“As you stand here today in front of the building where it all started, you may well ask yourselves why it all began here in Germany in 1919. After all, the center of the Zionist movement was in Copenhagen at that time and most of its activity was focused in London – so why choose to establish the Archive here, in Berlin?” wondered Avraham Duvdevani, Chairman of the World Zionist Organization, in his speech. “I believe the answer lies in the cultural setting offered by Germany at that time. As with many other areas of cultural life, Germany of the early twentieth century was a recognized world leader in archival development. Moreover, Jews were deeply involved and, indeed, led the field in many areas of the cultural world. Notably, of the thirty-eight Nobel Prize winners honored up to 1938, this generation yielded nine Jewish Nobel laureates. Thus, the Zionist Archive was initially established in Germany - with George Josef Herlitz, a professional archivist and Zionist Jew as its director. Indeed, it is difficult to imagine that the present-day CZA in Jerusalem could have become what it is today without Herlitz’s leadership. It is therefore significant and most befitting that we should celebrate the Centenary of the CZA here, today, in Berlin, at the site of its first home. We particularly wish  to acknowledge and express our appreciation to the Berlin Municipality and its Mayor for his cooperation and for participating in this commemorative ceremony. May we be granted further opportunities to cooperate on cultural endeavors for the benefit of the German people and the State of Israel”.​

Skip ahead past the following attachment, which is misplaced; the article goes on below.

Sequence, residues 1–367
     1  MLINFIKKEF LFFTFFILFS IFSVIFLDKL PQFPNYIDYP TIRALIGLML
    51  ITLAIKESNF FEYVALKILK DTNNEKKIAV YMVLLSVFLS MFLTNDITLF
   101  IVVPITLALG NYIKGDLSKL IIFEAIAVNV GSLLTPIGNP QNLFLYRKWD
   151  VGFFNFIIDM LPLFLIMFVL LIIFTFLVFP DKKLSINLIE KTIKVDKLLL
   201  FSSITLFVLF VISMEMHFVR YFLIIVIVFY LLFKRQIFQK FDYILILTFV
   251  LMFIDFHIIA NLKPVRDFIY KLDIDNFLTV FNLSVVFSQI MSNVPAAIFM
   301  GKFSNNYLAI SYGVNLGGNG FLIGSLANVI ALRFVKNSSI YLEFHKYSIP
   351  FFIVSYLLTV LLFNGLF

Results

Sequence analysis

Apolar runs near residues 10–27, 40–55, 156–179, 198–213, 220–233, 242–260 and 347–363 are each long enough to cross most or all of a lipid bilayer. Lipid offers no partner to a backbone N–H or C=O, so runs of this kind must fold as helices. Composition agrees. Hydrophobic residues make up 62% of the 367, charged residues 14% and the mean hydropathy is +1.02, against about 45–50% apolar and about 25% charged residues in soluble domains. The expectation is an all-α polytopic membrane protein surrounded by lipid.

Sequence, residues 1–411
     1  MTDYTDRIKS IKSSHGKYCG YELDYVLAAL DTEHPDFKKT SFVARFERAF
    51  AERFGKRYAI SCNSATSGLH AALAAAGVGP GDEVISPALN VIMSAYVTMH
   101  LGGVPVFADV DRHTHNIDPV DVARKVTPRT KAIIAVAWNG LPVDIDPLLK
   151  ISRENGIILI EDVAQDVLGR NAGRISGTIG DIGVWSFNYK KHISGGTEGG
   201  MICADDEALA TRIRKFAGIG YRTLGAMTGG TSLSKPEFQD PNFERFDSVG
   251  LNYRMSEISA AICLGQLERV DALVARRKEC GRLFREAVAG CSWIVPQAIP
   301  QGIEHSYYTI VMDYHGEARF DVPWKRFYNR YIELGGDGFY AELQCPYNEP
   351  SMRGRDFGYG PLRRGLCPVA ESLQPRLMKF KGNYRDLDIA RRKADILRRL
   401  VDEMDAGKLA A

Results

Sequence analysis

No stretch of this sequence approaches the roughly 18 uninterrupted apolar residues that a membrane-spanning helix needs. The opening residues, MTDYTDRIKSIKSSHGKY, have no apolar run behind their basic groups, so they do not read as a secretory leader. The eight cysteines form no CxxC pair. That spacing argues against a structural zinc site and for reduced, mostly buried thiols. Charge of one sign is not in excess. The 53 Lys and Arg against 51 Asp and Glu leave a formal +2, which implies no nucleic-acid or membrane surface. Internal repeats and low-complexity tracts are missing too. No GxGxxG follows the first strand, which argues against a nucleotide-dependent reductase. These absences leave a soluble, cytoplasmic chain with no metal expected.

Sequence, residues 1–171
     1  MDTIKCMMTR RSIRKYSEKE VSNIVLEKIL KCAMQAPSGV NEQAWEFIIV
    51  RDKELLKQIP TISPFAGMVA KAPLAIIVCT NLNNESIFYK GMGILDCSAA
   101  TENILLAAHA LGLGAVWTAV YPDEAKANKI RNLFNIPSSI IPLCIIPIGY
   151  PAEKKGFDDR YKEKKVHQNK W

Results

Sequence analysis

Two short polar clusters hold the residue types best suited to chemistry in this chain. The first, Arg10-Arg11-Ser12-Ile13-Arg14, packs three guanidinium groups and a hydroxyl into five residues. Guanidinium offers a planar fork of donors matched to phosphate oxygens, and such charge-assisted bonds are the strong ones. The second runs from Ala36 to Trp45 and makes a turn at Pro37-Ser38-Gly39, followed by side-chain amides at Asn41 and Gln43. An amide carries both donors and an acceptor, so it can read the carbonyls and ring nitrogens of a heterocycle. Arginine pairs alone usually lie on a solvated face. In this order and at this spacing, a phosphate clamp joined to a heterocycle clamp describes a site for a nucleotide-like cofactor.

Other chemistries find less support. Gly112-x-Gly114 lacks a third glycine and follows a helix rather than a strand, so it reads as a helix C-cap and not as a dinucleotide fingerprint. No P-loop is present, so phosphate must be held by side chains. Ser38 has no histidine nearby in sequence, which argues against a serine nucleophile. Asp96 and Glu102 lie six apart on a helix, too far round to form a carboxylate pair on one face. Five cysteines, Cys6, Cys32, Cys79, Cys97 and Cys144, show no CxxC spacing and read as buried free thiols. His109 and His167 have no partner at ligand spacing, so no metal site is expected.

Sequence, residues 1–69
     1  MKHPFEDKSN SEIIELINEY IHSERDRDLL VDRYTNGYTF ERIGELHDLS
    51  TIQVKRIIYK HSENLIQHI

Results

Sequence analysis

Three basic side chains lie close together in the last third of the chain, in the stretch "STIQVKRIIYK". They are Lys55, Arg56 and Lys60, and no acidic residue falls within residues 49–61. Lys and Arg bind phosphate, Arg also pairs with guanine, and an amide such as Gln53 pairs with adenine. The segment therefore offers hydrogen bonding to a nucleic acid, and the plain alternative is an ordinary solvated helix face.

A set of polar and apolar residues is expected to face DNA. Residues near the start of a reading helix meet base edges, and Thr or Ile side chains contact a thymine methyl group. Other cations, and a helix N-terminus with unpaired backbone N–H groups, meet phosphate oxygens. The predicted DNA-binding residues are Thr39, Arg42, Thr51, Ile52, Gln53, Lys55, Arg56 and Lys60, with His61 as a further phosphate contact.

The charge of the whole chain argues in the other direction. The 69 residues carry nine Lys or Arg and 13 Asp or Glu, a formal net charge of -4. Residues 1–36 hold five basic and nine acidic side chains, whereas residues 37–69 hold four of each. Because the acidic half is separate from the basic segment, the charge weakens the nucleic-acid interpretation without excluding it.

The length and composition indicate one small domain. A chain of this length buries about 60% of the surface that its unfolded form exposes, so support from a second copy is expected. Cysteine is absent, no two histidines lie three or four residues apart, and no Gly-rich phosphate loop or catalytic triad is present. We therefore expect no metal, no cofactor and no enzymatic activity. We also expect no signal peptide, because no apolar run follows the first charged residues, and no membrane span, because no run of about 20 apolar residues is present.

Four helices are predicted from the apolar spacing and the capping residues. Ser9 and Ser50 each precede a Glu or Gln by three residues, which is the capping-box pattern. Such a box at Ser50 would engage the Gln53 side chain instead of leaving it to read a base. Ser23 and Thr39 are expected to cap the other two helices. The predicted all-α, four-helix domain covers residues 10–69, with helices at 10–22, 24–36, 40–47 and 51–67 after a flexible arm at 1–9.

Dr. Klaus Lederer speaks at the event. Alongside standing Moshe Lion, mayor of Jerusalem, Avraham Duvdevani, Chairman of the WZO, Dor Zvikelsky, director of the Zionist Enterprises Department, and Dr. Yigal Sitry, Director of the CZA. Photograph: Omri Brand.

 
 

Dr. Klaus Lederer greeted warmly the guests: "I’m delighted to see so many people are here today and I would especially like to welcome our guests from Israel. I’m very pleased that we are celebrating the 100th anniversary of the CZA together, and that we are making it more than just an event. With the unveiling of a memorial plaque, that tells us more about the history of the CZA founded in 1919, we are showing our lasting commitment, here at the Archives second Berlin’s location, Meinekestraße 10. We are providing information on, and commemorating the superb collection of the Archives which I believe is still regarded as one of the roots of Israeli archival practice. This primarily thanks to the historian and archivist George Herlitz who has charged this establishing of the Archives and in 1919 began collecting and documenting important files from Zionist associations... I am delighted that we are restoring the history of the CZA to Berlin’s collective consciousness with this memorial plate”.